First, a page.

There's a new hotel on the backside of Back Bay, heading into South End, www.hotel140.com - looks like a more boutique-style hotel, and might be cheaper.

Also, sometimes the Millenium and Lenox also offer decent rates.

westernhalf Sep 29th, 2005 08:55 PM

Thanks so much for everyone's input--I think we've chosen the Bullfinch Hotel!

tuckerdc Sep 30th, 2005 04:53 AM

Boston can be tough to get a Priceline bargain on, but it certainly would be worth a try. Last month, I scored the downtown Hyatt for two nites for $65/nite. At that rate, two rooms would be easy on your pocketbook and still under your budget.

tuckerdc Sep 30th, 2005 04:58 AM

P.S. Do NOT try to get around Boston on foot without a good map in hand. Even with one, we got badly lost - twice in the same night. And even workers on a construction site (just a couple blocks from where we needed to be) couldn't tell us how to get back to our hotel....It is a puzzle of a town.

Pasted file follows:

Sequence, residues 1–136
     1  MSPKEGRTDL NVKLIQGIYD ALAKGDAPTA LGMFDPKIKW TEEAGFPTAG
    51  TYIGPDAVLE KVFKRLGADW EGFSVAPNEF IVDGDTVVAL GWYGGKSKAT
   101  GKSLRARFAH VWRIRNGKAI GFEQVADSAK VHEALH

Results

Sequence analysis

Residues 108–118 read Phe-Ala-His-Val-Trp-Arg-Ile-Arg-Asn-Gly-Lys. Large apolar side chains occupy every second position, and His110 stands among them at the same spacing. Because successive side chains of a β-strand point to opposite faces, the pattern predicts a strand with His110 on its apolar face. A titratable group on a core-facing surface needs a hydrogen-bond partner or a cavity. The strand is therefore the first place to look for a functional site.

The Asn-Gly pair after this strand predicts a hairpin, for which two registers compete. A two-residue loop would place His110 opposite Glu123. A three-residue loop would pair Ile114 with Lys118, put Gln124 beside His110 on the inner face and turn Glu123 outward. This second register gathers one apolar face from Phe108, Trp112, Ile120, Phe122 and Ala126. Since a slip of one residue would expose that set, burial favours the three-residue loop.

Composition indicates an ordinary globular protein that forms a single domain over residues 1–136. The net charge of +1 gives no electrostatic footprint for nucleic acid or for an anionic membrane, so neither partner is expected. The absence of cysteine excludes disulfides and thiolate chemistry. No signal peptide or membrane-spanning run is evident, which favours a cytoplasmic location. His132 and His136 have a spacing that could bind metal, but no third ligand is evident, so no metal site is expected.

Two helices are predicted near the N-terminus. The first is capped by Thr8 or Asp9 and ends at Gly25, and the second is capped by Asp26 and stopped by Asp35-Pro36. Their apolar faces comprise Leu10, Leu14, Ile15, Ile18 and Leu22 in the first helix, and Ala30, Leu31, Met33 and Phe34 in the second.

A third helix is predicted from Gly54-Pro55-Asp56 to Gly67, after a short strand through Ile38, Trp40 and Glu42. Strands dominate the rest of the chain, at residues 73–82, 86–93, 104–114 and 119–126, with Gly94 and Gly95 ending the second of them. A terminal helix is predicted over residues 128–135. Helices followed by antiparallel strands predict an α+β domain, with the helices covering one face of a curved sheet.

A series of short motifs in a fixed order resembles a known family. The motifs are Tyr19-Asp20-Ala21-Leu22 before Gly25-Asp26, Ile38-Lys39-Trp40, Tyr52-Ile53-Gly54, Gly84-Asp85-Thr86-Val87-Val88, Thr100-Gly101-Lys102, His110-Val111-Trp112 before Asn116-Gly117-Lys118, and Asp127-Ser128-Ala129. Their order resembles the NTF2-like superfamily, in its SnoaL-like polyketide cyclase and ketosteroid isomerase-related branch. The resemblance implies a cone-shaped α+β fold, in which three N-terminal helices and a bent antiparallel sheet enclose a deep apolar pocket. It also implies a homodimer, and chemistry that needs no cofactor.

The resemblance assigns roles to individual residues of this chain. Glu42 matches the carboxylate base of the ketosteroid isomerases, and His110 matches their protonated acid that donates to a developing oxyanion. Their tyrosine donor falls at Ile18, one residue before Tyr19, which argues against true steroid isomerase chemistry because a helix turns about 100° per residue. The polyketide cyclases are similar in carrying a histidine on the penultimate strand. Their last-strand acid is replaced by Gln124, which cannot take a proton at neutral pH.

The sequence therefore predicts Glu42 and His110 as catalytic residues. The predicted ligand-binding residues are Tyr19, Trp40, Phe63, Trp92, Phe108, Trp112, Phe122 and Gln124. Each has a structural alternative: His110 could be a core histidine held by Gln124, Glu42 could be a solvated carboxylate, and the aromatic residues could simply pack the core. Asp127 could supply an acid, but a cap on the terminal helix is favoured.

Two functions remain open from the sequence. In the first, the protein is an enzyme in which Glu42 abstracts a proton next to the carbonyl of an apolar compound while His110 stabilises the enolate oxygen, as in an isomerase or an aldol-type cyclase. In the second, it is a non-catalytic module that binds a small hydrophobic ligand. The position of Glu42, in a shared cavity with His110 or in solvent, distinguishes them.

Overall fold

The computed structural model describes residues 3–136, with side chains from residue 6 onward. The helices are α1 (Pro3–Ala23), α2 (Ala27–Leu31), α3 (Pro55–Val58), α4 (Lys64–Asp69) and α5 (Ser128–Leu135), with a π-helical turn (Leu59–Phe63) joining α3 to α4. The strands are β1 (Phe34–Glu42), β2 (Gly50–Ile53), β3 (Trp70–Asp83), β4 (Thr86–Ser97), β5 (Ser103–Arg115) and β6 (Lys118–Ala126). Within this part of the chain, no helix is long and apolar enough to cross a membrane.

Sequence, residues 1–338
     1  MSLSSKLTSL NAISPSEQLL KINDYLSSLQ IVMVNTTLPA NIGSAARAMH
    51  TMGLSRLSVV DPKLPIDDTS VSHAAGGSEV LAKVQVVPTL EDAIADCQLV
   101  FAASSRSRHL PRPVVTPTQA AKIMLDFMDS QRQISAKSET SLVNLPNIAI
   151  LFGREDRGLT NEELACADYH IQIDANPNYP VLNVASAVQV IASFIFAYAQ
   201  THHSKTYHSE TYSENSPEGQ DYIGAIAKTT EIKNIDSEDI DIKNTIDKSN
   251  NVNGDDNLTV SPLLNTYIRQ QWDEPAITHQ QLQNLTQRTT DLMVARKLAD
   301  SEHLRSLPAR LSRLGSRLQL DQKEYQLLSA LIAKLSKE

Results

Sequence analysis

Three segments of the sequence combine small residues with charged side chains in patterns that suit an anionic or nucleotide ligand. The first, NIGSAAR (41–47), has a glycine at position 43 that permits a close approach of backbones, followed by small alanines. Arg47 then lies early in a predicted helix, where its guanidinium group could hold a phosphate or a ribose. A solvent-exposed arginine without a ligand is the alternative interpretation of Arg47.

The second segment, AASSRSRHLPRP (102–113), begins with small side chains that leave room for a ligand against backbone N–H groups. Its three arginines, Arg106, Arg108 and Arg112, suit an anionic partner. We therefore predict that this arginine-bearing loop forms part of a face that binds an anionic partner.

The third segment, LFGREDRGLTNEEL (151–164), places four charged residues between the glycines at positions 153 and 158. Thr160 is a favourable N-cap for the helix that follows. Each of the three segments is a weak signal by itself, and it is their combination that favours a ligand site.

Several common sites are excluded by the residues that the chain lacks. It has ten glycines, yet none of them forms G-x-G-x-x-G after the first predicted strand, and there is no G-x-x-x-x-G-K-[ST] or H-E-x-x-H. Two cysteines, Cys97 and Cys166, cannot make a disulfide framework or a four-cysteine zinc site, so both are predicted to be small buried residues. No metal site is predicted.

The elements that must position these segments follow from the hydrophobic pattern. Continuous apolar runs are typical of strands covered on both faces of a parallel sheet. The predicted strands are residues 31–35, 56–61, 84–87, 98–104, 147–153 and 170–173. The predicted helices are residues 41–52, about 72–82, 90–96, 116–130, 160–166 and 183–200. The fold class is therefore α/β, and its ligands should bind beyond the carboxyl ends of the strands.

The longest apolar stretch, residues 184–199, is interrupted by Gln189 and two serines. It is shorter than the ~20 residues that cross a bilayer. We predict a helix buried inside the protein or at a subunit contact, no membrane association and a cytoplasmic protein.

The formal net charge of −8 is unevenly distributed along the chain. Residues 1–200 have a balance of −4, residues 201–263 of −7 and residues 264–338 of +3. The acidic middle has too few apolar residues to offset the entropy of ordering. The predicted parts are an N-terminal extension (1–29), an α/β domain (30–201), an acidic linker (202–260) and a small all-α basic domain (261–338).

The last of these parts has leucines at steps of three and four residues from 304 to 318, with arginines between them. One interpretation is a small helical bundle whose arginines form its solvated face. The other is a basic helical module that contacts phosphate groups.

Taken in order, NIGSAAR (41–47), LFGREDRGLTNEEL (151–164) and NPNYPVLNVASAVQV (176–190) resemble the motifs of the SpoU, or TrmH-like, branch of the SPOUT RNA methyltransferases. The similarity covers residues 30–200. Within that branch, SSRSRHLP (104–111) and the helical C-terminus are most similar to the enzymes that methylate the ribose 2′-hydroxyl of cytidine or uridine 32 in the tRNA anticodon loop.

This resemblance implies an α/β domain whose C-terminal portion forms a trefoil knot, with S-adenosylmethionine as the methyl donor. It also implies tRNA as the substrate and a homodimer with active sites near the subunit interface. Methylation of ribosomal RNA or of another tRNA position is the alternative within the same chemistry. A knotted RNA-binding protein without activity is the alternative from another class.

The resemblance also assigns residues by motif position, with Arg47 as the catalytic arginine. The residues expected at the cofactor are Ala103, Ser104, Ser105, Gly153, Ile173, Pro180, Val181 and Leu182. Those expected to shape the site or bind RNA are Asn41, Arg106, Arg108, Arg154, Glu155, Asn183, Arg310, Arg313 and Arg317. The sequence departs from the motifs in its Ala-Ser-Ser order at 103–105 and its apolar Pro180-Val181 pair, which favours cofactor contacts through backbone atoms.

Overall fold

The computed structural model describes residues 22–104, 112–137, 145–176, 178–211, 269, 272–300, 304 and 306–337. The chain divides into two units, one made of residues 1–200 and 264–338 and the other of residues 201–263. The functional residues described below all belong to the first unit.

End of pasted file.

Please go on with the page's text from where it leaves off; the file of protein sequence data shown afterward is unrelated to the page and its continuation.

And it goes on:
westernhalf Sep 30th, 2005 06:40 AM

Thanks, tuckerdc.
We will definitely have a map. I repeatedly tried Priceline for downtown areas, going up to $75 or $80 for 2 rooms, but there were no takers. A friend said that using that method and specifying airport, he was given a hotel 20 miles from the airport. He and his wife also recently left a hotel they'd booked in Boston and stayed with relatives at another, losing their money, because the place was so bad. Not knowing the area, and this being a rare occasion for us, I just thought I'd do what was safe. The interesting thing is that the hotel we picked repeatedly came up as having no rooms on online booking sites, but when I called the actual hotel, there was no problem. I can see that I have a lot to learn about the ins and outs of booking online.